NHL Believed to Have Promised Coyotes New Owner Relocation if Bid for New Arena Fails
The NHL Board of Governors approved Alex Meruelo’s bid to purchase a majority stake in the Arizona Coyotes from former owner Andrew Barroway, just two years after Barroway bought out his partners in what Forbes’ Mike Ozanian called “the riskiest deal in recent memory” (he took sole ownership of a franchise with $250 million of debt, coming off a season where it lost $27 million). Commissioner Gary Bettman said that Meruelo is “committed to trying to get a new arena in the right location and making it work” [in the Phoenix area], but acknowledged that “the club is not viable long-term in Glendale.” While Bettman wouldn’t explicitly state the term, without a new arena relocation is likely. Houston, Kansas City and Quebec City are among the locales frequently cited as potential destinations for NHL expansion/relocation.
Howie Long-Short: Ozanian reported that Meruelo bought in at a +/- $300 million enterprise valuation - significantly less than the $400 million to $450 million “headline price” that’s being floated. Of course, $300 million makes much more sense. As Forbes noted, the club is “running pre-tax cash losses of +/- $50 million a year” and maintains debt obligations north of $300 million; there simply couldn’t have been enough buyers willing to invest the working capital and cash needed to cover capital calls to drive the price that high. One potential buyer told JohnWallStreet that the prospect of losing one-hundred million dollars over the next couple of years was enough for him to take a pass.
Barroway bought a 51% stake in the Coyotes in January ’15 at a $305 million valuation. Few understood why he bought out the franchise’s minority shareholders in July ’17 (at a $240 million valuation) - he already had a controlling stake and the team was hemorrhaging cash - but despite public comments claiming that he was “doubling down on his investment” and committed to getting a new arena in the Valley, what Barroway was really doing was paying a control premium to accelerate his exit. He knew the club couldn’t be profitable in Glendale, that he couldn’t meet the capital calls and that there was little political support for a new building in area (remember, Gila River Arena is just 15 years old); sole ownership made it easier for him to sell the team.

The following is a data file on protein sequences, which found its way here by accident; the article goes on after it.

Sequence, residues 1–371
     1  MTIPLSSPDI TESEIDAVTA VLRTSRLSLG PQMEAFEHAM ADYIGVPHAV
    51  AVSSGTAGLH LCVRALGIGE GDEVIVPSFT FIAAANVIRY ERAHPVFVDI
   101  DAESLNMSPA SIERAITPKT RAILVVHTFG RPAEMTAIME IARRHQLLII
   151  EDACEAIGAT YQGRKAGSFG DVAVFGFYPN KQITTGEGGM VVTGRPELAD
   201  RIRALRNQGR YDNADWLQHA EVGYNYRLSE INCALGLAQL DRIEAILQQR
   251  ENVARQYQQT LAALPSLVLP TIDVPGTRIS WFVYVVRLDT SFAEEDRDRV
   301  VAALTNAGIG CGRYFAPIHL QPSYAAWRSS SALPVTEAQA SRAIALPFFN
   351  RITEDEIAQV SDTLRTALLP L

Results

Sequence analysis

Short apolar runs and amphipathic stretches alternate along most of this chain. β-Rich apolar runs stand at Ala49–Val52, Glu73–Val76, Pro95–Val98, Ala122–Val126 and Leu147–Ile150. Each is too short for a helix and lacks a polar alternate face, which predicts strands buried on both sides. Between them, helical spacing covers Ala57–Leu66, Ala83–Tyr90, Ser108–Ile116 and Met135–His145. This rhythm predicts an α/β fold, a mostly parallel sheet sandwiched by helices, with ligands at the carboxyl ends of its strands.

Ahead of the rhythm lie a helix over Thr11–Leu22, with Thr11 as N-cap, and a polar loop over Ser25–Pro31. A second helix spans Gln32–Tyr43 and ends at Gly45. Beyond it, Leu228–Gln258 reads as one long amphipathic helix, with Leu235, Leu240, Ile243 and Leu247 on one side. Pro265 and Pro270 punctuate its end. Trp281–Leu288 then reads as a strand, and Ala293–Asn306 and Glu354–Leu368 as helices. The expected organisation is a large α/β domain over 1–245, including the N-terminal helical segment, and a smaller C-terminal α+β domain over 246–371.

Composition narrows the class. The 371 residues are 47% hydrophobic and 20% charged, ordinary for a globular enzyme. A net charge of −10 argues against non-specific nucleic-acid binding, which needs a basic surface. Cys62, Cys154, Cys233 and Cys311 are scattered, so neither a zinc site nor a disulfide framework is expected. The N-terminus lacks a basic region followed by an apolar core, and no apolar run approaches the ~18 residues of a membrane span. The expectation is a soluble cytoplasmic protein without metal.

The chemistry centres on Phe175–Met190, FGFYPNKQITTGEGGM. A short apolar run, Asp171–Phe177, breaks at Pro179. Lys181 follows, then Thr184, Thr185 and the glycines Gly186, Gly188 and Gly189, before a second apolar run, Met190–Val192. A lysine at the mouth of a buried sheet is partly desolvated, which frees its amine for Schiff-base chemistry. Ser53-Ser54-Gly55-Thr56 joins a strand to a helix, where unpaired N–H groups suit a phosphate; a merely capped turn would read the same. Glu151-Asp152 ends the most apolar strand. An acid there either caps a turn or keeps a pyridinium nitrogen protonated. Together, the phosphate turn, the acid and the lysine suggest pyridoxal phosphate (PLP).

7 straight post-seasons on the golf course hasn’t helped, but the belief is that the arena's location is at the root of the Yotes’ problems. Glendale is just 12 miles from downtown Phoenix, but with traffic it could easily take fans over an hour to commute to the game. As a result, they opt to stay home. The Coyotes were just one of eight NBA or NHL franchises to draw fewer than 15,000 fans each time out last season.
While Bettman has refused “to issue threats”, he did say that he “hopes” the Coyotes arena situation works itself out before relocation becomes a topic of discussion (there's no long-term lease in place). The NHL prohibits new owners from immediately filing to move the team, so unless changes are made to the league's bylaws the Coyotes are going to be in Glendale for the next 7 seasons. But several sources - including former Thrashers President Dr. Harvey Schiller - tell JohnWallStreet that they believe Bettman has promised Meruelo that the “owners will do whatever is necessary to help him turn the franchise around and make some money” - including allowing him to move the team sooner if he’s unable to get a new building in the Phoenix market. Schiller said, “no one would buy that franchise unless they were assured there was a way it would stop losing money.”
Fan Marino: Back on June 6th, we noted that if women’s hockey is going to be successful in North America, teams will need to be based in established hockey markets (think: original 6). If you use that same logic to determine the Coyotes future, Meruelo would be wise to move the team to Quebec City. While Dr. Schiller notes that “there have always been concerns about competition within the Toronto market, it’s always good to capture as many fans as you can in a major market” – and there is no better hockey market than Ontario, Canada (Quebec is strong too).
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